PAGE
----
Church’s 9/11 plaque swiped - Police on the hunt for memorial stolen from St. Cecilia’s

The Brooklyn Paper
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On the eve of the seventh anniversary of the September 11 attacks, police were searching for the vandals who stole a plaque dedicated in remembrance of three parishioners of St. Cecilia’s Church who died in the tragedy.

Two weeks ago, a metal plaque with the names of three Greenpoint residents, Carl Bedigian, Andrew Desperito and Catherine Fagan, who lost their lives on 9/11, was reported stolen by St. Cecilia’s, located at 84 Herbert Street. The thieves are believed to have climbed the wrought iron fence and screwed off the plaque from its pink marble base. Four screws still remain on the ground in front of the memorial stone.

“It appears it was stolen for the intrinsic value of the metal within it,” Assemblymember Joseph Lentol said. “There was a theft of a World War II plaque on Fidelity Square two blocks away and a sewer plate was also stolen. My hope would be that the police are checking people who deal in metal and trade in metal.”

Lentol helped secure funds for the donation of the memorial and a flagpole, which was installed behind St. Cecilia’s Church in 2002. In the years since the dedication, the community, which sits on the Williamsburg-Greenpoint border, has held candlelit vigils and remembrance ceremonies at the Knights of Columbus (293 Graham Avenue) and St. Francis Church, as well as in masses in area parishes. Family members of the three residents were aware of the theft but were unable to be reached for comment for this article.

Community residents still remember their neighbors who passed away seven years ago and commemorate their loss. On Hausman Street, where members of Fagan’s family still live, homeowners have attached 60 American flags to the guardrails in front of each home in the memory of those lost during 9/11.

“Catherine Fagan was my neighbor. Her daughter went through the school years with my children,” said Joann McErlean, a Hausman Street resident. “Her children were young when her husband died. She not only took care of her kids but also went to school to further her education. She was a very hard worker.”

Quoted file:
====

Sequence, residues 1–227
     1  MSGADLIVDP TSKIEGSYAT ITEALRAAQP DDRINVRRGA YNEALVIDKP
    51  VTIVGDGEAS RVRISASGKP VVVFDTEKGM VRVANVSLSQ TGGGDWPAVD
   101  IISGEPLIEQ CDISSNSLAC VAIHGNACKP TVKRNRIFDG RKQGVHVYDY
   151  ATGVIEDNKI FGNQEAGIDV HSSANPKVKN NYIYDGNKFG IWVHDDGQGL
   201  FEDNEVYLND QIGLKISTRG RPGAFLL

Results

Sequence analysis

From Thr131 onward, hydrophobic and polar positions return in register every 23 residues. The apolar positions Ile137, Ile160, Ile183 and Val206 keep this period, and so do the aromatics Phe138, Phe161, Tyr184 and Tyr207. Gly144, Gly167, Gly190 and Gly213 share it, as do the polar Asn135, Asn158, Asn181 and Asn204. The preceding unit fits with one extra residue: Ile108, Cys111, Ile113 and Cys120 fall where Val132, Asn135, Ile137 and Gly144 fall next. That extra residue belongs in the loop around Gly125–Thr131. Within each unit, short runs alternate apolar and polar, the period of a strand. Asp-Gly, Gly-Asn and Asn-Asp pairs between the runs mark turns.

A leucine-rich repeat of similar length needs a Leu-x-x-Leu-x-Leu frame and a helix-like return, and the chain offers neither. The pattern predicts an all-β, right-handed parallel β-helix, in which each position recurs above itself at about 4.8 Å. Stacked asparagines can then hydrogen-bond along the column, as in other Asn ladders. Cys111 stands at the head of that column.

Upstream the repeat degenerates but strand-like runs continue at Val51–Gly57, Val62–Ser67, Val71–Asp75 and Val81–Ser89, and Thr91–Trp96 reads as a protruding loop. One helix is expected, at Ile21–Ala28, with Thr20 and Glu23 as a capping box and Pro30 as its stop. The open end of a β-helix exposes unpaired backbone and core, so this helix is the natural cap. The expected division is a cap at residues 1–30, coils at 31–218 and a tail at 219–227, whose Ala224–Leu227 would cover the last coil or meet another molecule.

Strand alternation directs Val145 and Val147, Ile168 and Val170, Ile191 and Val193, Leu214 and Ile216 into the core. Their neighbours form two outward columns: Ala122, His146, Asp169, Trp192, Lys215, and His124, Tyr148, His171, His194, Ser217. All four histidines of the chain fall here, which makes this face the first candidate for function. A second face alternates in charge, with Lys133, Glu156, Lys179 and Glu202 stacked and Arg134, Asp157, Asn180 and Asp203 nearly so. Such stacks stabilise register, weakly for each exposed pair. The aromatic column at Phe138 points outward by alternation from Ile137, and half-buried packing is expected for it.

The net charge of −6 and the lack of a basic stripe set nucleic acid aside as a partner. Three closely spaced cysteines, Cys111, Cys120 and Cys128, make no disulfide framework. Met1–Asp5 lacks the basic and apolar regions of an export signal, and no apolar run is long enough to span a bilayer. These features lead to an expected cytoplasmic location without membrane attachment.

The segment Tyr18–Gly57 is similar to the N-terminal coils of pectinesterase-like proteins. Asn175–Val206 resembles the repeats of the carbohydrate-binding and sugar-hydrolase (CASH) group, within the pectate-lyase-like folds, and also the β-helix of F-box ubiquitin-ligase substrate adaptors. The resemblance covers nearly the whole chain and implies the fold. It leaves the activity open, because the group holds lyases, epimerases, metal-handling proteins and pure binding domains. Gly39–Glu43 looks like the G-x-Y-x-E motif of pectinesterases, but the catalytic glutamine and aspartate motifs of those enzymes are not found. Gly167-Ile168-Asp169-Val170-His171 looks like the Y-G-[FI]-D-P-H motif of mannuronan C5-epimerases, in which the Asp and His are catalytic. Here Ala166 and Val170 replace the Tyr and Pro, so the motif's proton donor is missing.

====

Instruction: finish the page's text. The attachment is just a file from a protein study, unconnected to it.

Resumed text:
Tish Cianciotta, a resident of Humboldt Street, remembered when Carl Bedigian, a New York City firefighter, accompanied his mother to a meeting with the Parks Department about an issue she was passionate about.

“He wanted to improve the quality of life of that park on Meeker Avenue and Monitor,” Cianciotta said. “She was devastated losing her son in the World Trade Center.”

Lentol wants to have a rededication ceremony for the plaque next year on September 11 if the police are unable to recover it. He believes it is important to continue to have memorial services so that both new and old residents continue to remember the people in their community who died in the tragedy.

“Time has a way of dimming memory,” Lentol said. “It is part of our human nature. What we have to do in the spirit of remembrance is use it as an opportunity to rededicate ourselves to remembering those in our Greenpoint family who died in the 9/11 attacks.”

If anyone has any information about the whereabouts of the plaque you are urged to call the Community Affairs Office at the 94th precinct - 718-383-5298.

Updated 11:48 am, January 16, 2019
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